Fail Fast, Learn Faster

Cartoon of man leaping across stones marked fail and success

By Victoria Scarborough, Ph.D., The ChemQuest Group

Innovation is a risky business. About 1 to 3% of new technology product ideas make it to the marketplace. Having a high tolerance for failure is not only necessary but also a major prerequisite for any innovation program.

Still, failure carries a negative implication in any fast-paced, success-driven business, and people are reluctant to admit failure on projects in which they have invested time and resources, especially where they may fear job repercussions for poor performance. But when your rocket keeps falling over on the launchpad, it is time to find another way to get to space. It is time to kill the project and move on.

Terminating a new technology project is difficult when people have strong feelings about the value the technology may bring to the company if successful. Seasoned formulators have a difficult time letting go of a proof-of-concept project when they believe in the technology but cannot “make” it work. In addition, upper management may have significant investments in the technology and a strong desire to beat the competition. The pressure on the innovation team to deliver results may affect their ability to stop working a project. While these complicating factors are problematic, there are some clear warning signs that help make it easier to terminate a project, including:

  • Purpose. Deciding to stop a project requires a good understanding of the current market dynamics. Any shifts that may have occurred during a technology evaluation (such as a pandemic) may require a pivot to dropping the evaluation to move on to more market-driven projects.
  • Cost. Technology evaluations can be costly especially when they involve the purchase of new equipment, large field studies or expensive raw materials. When evaluation failures occur repeatedly, the costs can be out of control. Knowing the limits of your budget provides guardrails for knowing when to stop a project.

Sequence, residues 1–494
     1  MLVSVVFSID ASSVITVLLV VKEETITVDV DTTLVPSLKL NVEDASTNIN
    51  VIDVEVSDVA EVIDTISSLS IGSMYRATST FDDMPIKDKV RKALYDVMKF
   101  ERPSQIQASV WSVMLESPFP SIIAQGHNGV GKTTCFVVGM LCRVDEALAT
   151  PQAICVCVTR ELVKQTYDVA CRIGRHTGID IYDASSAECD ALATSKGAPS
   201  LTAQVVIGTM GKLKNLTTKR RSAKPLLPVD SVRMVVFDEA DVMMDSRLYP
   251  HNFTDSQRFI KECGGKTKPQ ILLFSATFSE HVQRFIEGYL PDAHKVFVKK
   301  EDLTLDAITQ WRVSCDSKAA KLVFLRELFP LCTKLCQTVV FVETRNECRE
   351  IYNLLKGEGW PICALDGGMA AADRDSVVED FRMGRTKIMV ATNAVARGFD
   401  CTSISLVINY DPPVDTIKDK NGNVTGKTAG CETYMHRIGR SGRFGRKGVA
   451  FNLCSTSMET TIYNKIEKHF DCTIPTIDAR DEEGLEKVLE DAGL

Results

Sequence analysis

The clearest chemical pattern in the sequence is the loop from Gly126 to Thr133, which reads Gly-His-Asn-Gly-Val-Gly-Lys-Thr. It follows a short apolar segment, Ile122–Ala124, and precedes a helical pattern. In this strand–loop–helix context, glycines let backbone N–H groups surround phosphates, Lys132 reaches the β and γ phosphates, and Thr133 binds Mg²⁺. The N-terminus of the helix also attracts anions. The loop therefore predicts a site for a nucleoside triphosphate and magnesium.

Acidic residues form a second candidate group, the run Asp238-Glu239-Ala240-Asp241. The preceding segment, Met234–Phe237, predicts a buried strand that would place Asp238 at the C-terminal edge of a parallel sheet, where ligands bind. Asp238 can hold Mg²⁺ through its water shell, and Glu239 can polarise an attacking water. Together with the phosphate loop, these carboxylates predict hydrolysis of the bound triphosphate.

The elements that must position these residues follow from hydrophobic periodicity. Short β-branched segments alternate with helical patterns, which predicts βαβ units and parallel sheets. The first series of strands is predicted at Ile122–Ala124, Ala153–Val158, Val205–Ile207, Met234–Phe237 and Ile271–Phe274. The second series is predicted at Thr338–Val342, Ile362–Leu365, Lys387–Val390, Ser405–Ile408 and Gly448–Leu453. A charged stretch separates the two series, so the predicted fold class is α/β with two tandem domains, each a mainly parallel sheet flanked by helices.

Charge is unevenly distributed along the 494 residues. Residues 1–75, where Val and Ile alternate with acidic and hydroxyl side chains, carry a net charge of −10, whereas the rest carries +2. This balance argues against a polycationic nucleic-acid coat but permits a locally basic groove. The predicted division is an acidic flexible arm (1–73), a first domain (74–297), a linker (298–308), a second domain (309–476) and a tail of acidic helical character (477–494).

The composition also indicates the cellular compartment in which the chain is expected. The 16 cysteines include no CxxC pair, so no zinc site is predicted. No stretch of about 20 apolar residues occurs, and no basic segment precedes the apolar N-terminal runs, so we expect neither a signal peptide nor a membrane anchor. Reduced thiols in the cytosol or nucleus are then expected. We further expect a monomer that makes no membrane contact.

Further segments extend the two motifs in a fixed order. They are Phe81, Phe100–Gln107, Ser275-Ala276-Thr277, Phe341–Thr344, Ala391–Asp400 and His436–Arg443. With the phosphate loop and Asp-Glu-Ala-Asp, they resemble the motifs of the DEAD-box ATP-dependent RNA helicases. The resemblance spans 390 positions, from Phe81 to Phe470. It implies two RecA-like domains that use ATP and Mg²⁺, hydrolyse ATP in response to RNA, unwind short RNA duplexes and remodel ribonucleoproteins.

• Availability. Sample availability from small technology companies is an important factor when conducting studies that may fail repeatedly. If the startup company does not have the capacity to meet your needs, it is better to transfer the internal project to a university research setting where time is not as critical and sample use is smaller.
  • Regulatory. The regulatory environment for emerging materials is changing rapidly. If new regulations negatively affect the technology that is being evaluated, then terminate the project quickly. It is likely there are other technologies that will address the market need.
  • Throwing it over the wall. Lack of communication with the technology provider is the leading cause of project failure. Startup companies have no understanding of what larger companies need when they are left out of the evaluation process. Corporate innovation teams will not understand how the startup technology was created without becoming intimately familiar with its development process and inventors. Conducting lab studies on samples without provider input will prolong evaluations and most likely lead to failure because of a lack of understanding of the nuances of the technology. The tighter the collaboration, the better the outcome. If there is no collaboration, it may be better to move on to the next project on the list.

Terminating projects is the key to maintaining a robust new technology pipeline. When resources are constrained, it frees up money, people, and facilities to go on to the next set of technology evaluations. Conducting more frequent technology reviews with all key stakeholders can be used to score winners and losers, including a detailed analysis of why a technology is not meeting expectations. Failing fast but learning faster from each analysis will keep the pipeline moving forward, de-risk the process and make that 1-to-3% new product idea a commercialized reality.

CoatingsTech | Vol. 18, No. 9 | September 2021

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